Edward L. Pierce, Memoir and letters of Charles Sumner: volume 1, Chapter 13: England.—June, 1838, to March, 1839.—Age, 27-28. (search)
lished. The persons already named are referred to more or less frequently in his letters. There were many others not mentioned in them with whom he had more or less association, and from whom he received hospitality or civilities. Some of these are the following: George Peabody,American banker, 1795-1869. W. Empson, son-in-law of Lord Jeffrey (Hertford). Thomas Longman, Jr. (2 Hanover Terrace, Regent's Park). Arthur J. Johnes, of Lincoln's Inn (4 South Bank, Alpha Road). Petty Vaughan (1788-1854), son of Benjamin Vaughan, of Hallowell, Me. (70 Fenchurch Street). Sir George Rose (Hyde Park Gardens). Robert Alexander (13 Duke Street, Westminster). J. N. Simpkinson (21 Bedford Place, Russell Square). J. Guillemard (27 Gower Street). Graham Willsmore, of Plowden Buildings Temple (1 Endsleigh Street, Tavistock Square). John Washington, of the Royal Geographical Society. John P. Parker, Secretary of the Temperance Society (Aldine Chambers, Paternoster Row). Frederick Foster, whom Sumn
Edward L. Pierce, Memoir and letters of Charles Sumner: volume 1, Chapter 14: first weeks in London.—June and July, 1838.—Age, 27. (search)
specially interested in the drama. Its collection of pictures contain several painted by Sir Peter Lely, Gainsborough, and Reynolds. The club was frequented by Theodore Hook and Albert Smith. June, during the discussion of the Irish Municipal Corporation Bill; and there I sat from six o'clock till the cry of divide drove me out at twelve. Hansard's Parliamentary Debates, Third Series, Vol. XL. pp. 617-655. Need I tell you that the interest was thrilling during the whole time? Peel 1788-1850. Peel was at this period the leader of the Conservatives. In 1835 he had been succeeded by Lord Melbourne as Prime-Minister; afterwards, in 1841, he succeeded Lord Melbourne. made a beautiful speech,—polished, graceful, self-possessed, candid, or apparently candid, in the extreme. We have no man like him; in some respects he reminded me of William Sullivan, 1774-1839; an eminent lawyer of Boston, and a Federalist in politics. As an author, he wrote upon the characters and events of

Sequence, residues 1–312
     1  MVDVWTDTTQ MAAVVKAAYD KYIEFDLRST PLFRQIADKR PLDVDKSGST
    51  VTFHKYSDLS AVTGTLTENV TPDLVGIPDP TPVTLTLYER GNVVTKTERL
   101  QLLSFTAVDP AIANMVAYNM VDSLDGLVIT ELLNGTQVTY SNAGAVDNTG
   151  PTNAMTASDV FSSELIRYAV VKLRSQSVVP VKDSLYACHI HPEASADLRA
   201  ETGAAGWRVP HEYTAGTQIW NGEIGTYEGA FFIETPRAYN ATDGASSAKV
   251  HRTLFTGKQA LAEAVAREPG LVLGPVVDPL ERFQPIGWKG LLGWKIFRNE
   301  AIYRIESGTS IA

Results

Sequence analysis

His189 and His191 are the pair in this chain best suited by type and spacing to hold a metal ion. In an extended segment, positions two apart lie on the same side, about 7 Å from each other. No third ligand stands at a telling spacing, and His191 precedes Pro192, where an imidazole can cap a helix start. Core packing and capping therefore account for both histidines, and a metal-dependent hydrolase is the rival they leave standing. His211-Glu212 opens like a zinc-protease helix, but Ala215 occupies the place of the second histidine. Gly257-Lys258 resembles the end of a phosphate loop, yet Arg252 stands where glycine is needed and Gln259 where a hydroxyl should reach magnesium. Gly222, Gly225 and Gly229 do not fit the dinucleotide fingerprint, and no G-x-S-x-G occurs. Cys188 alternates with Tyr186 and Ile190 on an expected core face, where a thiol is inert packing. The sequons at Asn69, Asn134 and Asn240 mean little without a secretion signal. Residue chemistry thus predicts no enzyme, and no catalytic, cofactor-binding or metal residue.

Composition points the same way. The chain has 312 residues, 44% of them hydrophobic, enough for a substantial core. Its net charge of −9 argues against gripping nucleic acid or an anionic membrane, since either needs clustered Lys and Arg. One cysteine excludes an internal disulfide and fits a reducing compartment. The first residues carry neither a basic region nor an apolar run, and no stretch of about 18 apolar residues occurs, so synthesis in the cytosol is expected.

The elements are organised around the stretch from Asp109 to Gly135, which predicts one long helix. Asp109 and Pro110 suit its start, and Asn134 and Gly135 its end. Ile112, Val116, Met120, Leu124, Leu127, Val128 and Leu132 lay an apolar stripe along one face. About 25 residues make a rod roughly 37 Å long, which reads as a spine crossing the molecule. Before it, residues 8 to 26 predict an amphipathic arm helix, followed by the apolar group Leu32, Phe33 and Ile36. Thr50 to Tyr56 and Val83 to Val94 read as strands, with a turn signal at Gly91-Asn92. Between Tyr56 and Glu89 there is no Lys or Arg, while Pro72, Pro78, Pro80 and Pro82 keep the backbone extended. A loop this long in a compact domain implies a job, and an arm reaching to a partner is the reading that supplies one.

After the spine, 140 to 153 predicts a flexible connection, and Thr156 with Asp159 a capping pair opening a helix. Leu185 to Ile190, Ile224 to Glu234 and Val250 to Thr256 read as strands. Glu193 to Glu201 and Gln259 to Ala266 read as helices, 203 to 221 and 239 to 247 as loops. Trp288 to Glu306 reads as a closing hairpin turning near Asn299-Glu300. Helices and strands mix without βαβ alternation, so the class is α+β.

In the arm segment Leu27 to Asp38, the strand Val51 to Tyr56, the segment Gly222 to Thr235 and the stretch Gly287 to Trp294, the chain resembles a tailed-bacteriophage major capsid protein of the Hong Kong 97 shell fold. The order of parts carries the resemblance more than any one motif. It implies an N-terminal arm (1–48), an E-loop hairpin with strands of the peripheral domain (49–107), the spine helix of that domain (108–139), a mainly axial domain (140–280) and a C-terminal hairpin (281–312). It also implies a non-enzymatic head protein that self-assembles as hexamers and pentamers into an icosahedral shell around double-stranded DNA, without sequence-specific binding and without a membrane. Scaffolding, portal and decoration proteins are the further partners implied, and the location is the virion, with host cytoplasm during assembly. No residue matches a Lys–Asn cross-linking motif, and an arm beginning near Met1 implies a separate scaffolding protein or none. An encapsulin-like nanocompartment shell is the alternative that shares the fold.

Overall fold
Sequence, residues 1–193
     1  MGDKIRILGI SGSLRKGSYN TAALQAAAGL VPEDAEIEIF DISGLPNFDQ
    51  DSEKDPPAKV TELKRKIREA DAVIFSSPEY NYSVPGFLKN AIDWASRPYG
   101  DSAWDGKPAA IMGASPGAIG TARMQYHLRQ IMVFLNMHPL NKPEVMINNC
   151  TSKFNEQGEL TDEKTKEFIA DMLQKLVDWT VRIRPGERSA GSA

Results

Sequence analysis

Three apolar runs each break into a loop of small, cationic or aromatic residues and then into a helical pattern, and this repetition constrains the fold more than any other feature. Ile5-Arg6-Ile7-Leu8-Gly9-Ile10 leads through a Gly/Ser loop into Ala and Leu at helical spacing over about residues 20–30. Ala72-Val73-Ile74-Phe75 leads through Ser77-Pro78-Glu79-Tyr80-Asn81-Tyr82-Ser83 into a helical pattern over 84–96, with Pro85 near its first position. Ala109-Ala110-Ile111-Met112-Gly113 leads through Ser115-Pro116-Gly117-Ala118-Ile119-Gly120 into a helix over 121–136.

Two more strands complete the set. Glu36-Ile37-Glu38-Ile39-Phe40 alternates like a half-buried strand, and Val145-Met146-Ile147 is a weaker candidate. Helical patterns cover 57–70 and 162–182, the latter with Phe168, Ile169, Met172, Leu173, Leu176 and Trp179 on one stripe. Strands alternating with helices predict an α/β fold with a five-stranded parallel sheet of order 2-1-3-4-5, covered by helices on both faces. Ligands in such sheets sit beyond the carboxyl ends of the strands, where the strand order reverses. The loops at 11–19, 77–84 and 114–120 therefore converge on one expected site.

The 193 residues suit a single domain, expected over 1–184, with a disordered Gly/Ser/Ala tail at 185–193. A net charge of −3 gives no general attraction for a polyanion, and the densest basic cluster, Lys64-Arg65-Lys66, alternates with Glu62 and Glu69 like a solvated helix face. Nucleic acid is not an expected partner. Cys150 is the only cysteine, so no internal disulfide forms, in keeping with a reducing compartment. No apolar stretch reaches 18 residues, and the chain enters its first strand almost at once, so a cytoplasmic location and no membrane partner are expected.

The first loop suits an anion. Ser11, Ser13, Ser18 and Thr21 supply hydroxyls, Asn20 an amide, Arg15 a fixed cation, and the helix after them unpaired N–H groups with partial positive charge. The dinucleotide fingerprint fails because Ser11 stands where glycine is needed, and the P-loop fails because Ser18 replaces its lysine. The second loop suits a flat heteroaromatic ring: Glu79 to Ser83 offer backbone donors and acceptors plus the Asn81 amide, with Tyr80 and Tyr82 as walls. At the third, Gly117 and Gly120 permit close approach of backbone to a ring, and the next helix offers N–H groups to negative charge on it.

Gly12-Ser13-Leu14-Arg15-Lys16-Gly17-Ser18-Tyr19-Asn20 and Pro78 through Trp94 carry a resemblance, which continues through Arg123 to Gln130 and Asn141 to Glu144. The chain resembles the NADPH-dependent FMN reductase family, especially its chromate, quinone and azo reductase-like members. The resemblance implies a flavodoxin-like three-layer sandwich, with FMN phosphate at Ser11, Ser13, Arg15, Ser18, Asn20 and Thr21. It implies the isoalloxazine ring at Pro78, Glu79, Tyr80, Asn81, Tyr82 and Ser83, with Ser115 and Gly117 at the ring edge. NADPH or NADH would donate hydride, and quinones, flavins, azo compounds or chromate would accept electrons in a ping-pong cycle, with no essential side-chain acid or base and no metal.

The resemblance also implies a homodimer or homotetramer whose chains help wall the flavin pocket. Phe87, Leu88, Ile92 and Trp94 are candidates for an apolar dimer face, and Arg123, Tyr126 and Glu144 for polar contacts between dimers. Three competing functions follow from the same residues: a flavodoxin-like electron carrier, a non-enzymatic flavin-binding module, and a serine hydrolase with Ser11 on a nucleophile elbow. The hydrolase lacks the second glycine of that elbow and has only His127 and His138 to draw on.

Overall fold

Edward L. Pierce, Memoir and letters of Charles Sumner: volume 1, Chapter 15: the Circuits.—Visits in England and Scotland.—August to October, 1838.—age, 27. (search)
I dined with Sir John Robison (Secretary of the Royal Society); next with Lady Gifford, where I met Lockhart; then with Captain Moore; then with Lord Jeffrey; then with Sir James Gibson Craig; then with Sir William Hamilton; The metaphysician, 1788-1856. then with the officers of the Horse-Guards stationed at Edinburgh; then with Mr. Guthrie Wright, to meet the Attorney-General and my most attractive friend, Lady Stratheden; and last with Mr. Fergusson, the author of the work on Divorce, and Canterbury in 1848. His younger brother, Charles Richard Sumner, 1790-1874, was first Bishop of Llandaff, and then of Winchester; resigning his see in 1869, which he had held forty-one years. with Gally Knight, Henry Gally (or Galley) Knight, 1788-1846; poet and traveller, member of Parliament; referred to in Moore's Life of Byron (London: 1860), pp. 60, 218, 245. the old college friend of Byron, and with Dr. Buckland; William Buckland, 1784-1856; professor at Oxford, and Dean of Westmin